BLM to Revisit Herbicide Use on Rights-of-Ways in Oregon

(Beyond Pesticides, July 6, 2011) After 27 years of fighting invasive weeds without the high-powered help of toxic chemicals, the Eugene district of the U.S. Bureau of Land Management (BLM) wants to add herbicides back into the toolkit. Eugene district BLM officials are proposing to use four herbicides to kill weeds along roadsides and in rights-of-way. The BLM stopped using herbicides in Oregon in 1984 after a court injunction in response to a lawsuit filed by the Northwest Coalition for Alternatives to Pesticides. The coalition had argued that the agency had not followed federal procedures in approving the use of herbicides on public lands, and a judge agreed. The BLM eventually wrote an environmental impact statement (EIS) on its proposal to use herbicides, but a final management plan wasn’t completed until last year. The BLM said it will only be doing ground application and not spraying herbicides by helicopter or plane. The management plan permits the agency to use 17 different herbicides to control weeds but only in limited circumstances. Now individual districts, including Eugene, are developing site-specific proposals for using chemicals. Locally, four herbicides are under consideration. Glyphosate, imazapyr, triclopyr, and clopyralid are effective on a range of plants, […]



Herbicide Use Along California’s Eel River Prompts Lawsuit

(Beyond Pesticides, September 20, 20087) A citizens group sued the county and the state of California September 14, 2007 for not allowing adequate public input before using toxic sprays on the Eel River to eradicate invasive weeds. Eureka-based Californians for Alternatives to Toxics (CATs) sued the Humboldt County Agricultural Commissioner (County) and the California Department of Parks and Recreation (DPR) for their decision to use herbicides to kill purple loosestrife plants for as many as 10 years without first consulting with the public. The suit, filed in Humboldt County Superior Court, also faults the agencies for failing to consider safer and more effective methods such as biological weed control programs, already used successfully throughout the country.“The decision to spray was made behind closed doors with the many people who care deeply about the Eel River locked out,” said Patty Clary, speaking for CATs. “State law requires that the public be involved in important environmental decisions and that alternatives be seriously considered – these requirements were not met.” The agencies’ decision to spray the herbicide imazapyr from boats on 200 riverbank sites along 25 miles of the Eel was first sprung on the public on July 10 at an invitation-only meeting […]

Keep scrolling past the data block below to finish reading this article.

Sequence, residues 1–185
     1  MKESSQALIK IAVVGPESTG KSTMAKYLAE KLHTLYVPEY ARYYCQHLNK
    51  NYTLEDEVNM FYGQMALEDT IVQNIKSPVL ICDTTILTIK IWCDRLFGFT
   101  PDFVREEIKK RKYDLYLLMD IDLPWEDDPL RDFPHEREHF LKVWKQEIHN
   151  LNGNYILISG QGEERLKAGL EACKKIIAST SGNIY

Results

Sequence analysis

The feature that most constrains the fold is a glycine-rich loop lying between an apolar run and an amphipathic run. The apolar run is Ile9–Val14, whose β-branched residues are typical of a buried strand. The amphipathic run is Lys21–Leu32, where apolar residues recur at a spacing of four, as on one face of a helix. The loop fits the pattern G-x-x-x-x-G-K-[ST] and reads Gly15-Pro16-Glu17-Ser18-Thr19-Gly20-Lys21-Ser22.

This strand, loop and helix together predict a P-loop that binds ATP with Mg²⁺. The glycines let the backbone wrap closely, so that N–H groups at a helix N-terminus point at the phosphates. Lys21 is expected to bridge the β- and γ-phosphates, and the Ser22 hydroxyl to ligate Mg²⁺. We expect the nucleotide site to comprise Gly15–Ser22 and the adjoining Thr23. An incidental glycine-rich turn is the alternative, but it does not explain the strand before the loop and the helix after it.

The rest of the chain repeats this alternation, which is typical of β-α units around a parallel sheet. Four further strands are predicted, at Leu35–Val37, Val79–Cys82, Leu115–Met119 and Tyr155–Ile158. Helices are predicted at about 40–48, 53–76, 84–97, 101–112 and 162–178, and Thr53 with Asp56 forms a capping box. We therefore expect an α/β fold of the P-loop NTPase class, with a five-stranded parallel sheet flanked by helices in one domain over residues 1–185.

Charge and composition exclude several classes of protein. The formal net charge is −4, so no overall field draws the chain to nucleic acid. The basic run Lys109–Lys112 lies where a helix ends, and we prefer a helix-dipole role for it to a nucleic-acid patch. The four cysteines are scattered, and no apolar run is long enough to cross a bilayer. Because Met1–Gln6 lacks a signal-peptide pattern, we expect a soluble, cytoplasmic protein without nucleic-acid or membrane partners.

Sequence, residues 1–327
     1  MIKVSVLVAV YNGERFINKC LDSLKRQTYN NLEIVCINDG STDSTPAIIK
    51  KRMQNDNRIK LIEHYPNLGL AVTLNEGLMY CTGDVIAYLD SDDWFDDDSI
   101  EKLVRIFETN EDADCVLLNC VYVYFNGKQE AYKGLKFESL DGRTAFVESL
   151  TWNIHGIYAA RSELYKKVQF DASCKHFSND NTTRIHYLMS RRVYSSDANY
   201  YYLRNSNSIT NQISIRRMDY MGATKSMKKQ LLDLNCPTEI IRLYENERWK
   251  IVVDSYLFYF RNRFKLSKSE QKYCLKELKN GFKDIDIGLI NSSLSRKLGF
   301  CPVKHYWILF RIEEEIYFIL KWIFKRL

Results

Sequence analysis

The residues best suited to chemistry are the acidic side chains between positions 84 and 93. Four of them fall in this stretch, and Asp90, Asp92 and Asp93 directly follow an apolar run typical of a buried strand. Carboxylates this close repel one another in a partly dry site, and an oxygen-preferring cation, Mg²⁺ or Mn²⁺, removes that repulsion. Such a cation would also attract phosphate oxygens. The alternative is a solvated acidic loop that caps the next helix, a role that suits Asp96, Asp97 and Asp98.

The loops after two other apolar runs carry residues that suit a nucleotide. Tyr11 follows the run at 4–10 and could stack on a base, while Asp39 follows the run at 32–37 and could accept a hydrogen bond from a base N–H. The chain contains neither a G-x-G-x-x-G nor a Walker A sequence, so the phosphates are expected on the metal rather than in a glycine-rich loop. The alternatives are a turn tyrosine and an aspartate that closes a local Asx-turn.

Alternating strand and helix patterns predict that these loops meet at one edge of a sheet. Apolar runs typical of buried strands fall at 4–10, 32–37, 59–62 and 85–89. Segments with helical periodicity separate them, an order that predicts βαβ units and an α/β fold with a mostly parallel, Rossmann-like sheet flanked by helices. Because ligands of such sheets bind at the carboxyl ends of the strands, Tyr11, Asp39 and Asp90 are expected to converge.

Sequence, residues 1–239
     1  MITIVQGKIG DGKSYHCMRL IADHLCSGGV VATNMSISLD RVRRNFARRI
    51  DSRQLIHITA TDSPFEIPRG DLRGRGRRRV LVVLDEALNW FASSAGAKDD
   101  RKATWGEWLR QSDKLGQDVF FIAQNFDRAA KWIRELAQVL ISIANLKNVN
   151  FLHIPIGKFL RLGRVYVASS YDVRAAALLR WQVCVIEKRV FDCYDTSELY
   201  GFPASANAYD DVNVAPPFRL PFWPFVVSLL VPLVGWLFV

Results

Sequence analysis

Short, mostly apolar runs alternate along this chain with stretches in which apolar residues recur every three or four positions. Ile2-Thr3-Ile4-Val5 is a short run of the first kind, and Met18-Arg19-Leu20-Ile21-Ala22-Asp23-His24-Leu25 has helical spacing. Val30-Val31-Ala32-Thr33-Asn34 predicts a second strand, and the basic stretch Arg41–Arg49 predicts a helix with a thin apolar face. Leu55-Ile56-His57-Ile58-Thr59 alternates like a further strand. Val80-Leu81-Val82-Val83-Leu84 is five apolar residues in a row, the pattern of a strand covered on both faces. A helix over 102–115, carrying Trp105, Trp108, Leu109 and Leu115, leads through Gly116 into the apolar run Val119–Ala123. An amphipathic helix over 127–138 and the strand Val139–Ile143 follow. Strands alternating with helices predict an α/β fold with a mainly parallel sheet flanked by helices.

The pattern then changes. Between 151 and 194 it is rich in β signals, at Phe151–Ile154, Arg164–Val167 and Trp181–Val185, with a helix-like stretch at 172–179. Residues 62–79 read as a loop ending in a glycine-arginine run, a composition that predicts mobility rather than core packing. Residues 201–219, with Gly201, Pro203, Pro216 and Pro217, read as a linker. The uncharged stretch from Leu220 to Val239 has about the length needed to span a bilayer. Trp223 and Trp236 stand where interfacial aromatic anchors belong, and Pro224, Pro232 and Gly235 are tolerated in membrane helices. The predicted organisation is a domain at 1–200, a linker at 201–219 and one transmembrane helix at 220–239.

Children Sprayed at Day Care with Railroad Herbicides

(Beyond Pesticides, July 26, 2007) A company with previous pesticide violations will likely face a significant fine after accidentally spraying children at a day care in Virginia last week with herbicides. Several children were directly sprayed and at least three experienced symptoms of acute pesticide poisoning. The company, NaturChem, was hired by Norfolk Southern to spray a section of railroad tracks, which they do every three years to suppress unwanted plants along the tracks. Sixteen children were playing outside at the day care, adjacent to the tracks as the NaturChem tanker went by. Four children, who were playing along the fence, were directly sprayed. While day care staff took them inside, washed them and changed their clothes immediately, at least three children had acute symptoms following their exposure, including a bloody nose, diarrhea, eye irritation, and blistering. The chemicals’ labels prohibit application methods that result in drift to other property or people, according to the Virginia Department of Agriculture, and it is illegal to use pesticides in a manner inconsistent with their labeling. This is NaturChem’s second violation in Virginia, following a $2,000 fine in 2005 for causing property damage in Giles County. The company also reached a $194,200 settlement […]